The question to buy a new video card should be based on the workflow and requirements of each user as well as their budget. Time is money depending on how these apps are used. However, the target demographic for the reference and Red Devil RX 6900 XTs are primarily gaming for gamers.
Let’s head to our conclusion.
The Red Devil RX 6900 XT improves significantly over the last generation RX 5700 XT, easily exceeds RX 6800 XT performance, and it trades blows with the RTX 3090 FE in rasterized games although overall it is slower. The Red Devil RX 6900 XT beats all of the last generation cards including the RTX 2080 Ti although it struggles with ray traced games especially when DLSS is used for the GeForce cards.
For Radeon gamers, the reference RX 6900 XT is a good alternative to GeForce Ampere cards for the vast majority of modern PC games that use rasterization. The RX 6900 XT offers 16GB of GDDR6 to the 24GB of GDDR6X that the RTX 3090s are equipped with, but that 8GB of vRAM shouldn’t make any practical difference to game performance.
At its suggested price of $1139 ($1179 for the Limited Edition bundle), the Red Devil RX 6900 XT costs about $350 less than the RTX 3090 FE and offers a good value for Radeon gamers – if it can be found. Unfortunately, the Radeon 6000 series launch has proved to be an extremely high demand and limited supply event that has been called a paper launch by many wishing to purchase one. The same thing has happened to Ampere cards where the stock is still trickling in and being purchased the instant it’s available, often by cyptocurrency miners or for resale. So prices are high and many resellers are taking advantage of this demand situation by raising prices significantly.
Comparing the $1000+ RX 6900 XT to the $650 RX 6800 XT, we conclude that this halo flagship card is not good bang-for-buck – no halo card is. The RTX 3090 at $1500 is not a good value either compared with the performance of the RTX 3080 at $699. The primary difference is that the RTX 3090 holds the performance crown and there are gamers who absolutely will not settle for anything but the “fastest” that these flagship cards are aimed at. The RTX 3090 and the RX 6900 XT are flagship halo cards with diminishing performance return value for dollars spent. The RTX 6900 XT will appeal to the AMD gamer who wants the “best” performance from a Radeon where money is not an object.
The Red Devil RX 6900 XT is priced approximately 15% higher than the reference version which is more reasonable than the 20% plus premiums that some AIBs demand for their overclocked cards. It is a solid and well-built card, and we would recommend it to any Radeon gamer that is looking for AMD’s best.
The only real issue that we see with Radeon 6000 series cards are that ray traced games will become mainstream now that the consoles have adopted it, and AMD’s solution is inferior to NVIDIA’s dedicated hardware that takes advantage of DLSS AI upscaling that delivers superior performance while preserving or enhancing image quality. On the flip side, there are only 30 DLSS-enable games and very few ray traced games, yet there are thousands of rasterized games where the RTX 6900 XT trades blows with the much more expensive RTX 3090.
We recommend the Red Devil RX 6900 XT as a great choice out of multiple good choices, especially for any AMD gamer looking for good looks with RGB, an exceptional cooler, great performance for 2560×1440 or 4K, PowerColor’s excellent support, and overall good value compared with the RX 6900 XT reference version assuming that its stock and price stabilize.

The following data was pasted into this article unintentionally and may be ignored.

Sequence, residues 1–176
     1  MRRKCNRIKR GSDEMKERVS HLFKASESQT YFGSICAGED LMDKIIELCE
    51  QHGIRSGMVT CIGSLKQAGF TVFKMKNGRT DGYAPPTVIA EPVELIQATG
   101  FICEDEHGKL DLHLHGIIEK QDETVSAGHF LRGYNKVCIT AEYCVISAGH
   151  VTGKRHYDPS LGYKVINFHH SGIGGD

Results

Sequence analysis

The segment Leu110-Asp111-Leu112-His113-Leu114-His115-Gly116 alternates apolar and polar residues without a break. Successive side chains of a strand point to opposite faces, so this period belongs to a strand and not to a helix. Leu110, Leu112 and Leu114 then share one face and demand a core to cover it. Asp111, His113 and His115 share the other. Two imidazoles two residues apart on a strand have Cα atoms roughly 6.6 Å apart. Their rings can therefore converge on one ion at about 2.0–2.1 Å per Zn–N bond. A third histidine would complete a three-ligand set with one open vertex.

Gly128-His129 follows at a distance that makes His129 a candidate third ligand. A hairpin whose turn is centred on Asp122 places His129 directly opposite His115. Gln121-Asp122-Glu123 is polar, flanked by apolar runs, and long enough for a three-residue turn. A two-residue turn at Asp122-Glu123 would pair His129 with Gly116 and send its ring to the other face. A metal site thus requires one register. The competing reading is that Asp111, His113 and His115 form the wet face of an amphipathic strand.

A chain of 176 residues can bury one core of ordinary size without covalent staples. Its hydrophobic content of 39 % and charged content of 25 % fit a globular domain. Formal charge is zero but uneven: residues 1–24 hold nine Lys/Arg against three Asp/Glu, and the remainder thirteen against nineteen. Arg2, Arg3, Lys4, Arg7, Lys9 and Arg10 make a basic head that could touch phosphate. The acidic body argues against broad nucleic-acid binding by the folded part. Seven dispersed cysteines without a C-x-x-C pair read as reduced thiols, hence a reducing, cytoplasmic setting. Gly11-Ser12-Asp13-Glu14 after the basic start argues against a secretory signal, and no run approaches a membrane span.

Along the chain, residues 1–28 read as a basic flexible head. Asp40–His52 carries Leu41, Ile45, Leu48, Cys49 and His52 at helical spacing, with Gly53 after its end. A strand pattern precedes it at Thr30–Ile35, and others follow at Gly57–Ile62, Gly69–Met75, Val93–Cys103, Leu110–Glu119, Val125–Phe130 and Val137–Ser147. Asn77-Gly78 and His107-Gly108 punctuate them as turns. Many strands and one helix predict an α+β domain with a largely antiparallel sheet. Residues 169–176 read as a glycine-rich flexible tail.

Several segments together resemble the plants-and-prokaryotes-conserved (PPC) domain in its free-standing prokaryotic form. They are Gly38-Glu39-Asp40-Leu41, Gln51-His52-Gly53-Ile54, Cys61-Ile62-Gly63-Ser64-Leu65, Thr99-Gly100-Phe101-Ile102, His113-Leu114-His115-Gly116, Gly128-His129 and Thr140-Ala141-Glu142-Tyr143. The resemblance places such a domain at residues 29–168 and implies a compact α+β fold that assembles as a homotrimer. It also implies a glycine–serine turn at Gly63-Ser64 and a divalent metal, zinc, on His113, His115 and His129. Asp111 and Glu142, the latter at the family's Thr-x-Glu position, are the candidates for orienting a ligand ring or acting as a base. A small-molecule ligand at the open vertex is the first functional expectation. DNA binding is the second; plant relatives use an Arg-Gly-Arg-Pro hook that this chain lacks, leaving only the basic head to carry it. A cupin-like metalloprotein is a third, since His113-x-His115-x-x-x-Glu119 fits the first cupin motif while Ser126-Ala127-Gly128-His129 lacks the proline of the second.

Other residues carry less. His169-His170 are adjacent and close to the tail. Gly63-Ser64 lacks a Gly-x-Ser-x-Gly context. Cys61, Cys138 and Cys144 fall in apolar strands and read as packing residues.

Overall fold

Let’s sum it up:
The Red Devil RX 6900 XT Pros
- The PowerColor Red Devil RX 6900 XT is much faster than the last generation RX 5700 series by virtue of new RDNA 2 architecture. It trades blows in the majority of rasterized games with the RTX 3090 FE for significantly less money.
- The Red Devil RX 6900 XT has excellent cooling with very little noise and has a very good power delivery and a 3-fan custom cooling design that is very quiet when overclocked even using the OC mode.
- Dual-BIOS give their user a choice of quiet with less overclocking, or a bit louder with more power-unlimited and higher overclocks.
- FreeSync2 HDR eliminates tearing and stuttering. FidelityFX allows for upscaling and improved sharpness with almost no performance penalty, and there is a low latency mode for competitive gamers
- Customizable RGB lighting and a neutral color allow the Red Devil to fit into any color scheme using the DevilZone software program.
Red Devil RX 6900 XT Cons
- Pricing. It isn’t really that much faster than the reference RX 6800 XT which is almost half of its price
- Weaker ray tracing performance than the RTX 3080 or the RTX 3090
The Red Devil RX 6900 XT is a good Radeon card choice for those who game at 2560×1440 or at 4K and want the best that AMD has to offer. It represents a good gaming alternative to the RTX 3090 albeit with weaker ray tracing performance. It is offered especially for those who prefer AMD cards and FreeSync2 enabled displays which are generally less expensive than Gsync displays. And if a gamer is looking for something extra above the reference version, the Red Devil RX 6900 XT is a very well-made and good-looking card that will overclock better.
We are giving the Red Devil RX 6900 XT an Editor’s Choice. In fact, we have to send this card back to PowerColor this week and will attempt to buy another Red Devil RX 6900 XT from retail for playing games and for further benching. However, we will not pick the Limited Edition if we have a choice since we don’t mount cards vertically.
- PowerColor’s Red Devil RX 6900 XT is a solidly-built handsome card with higher clocks out of the box than the reference version. It trades blows with the RTX 3090 in rasterized games. It is a kick ass RX 6900 XT.
Stay tuned, there is much more coming from BTR. Immediately, we will return to VR with a performance evaluation using the Vive Pro comparing the Red Devil RX 6900 XT with the RTX 3090, the RTX 3080, and the 6800 XT. We plan to finish up our 3-part review testing the Red Devil’s overclock and power draw versus the RTX 3090.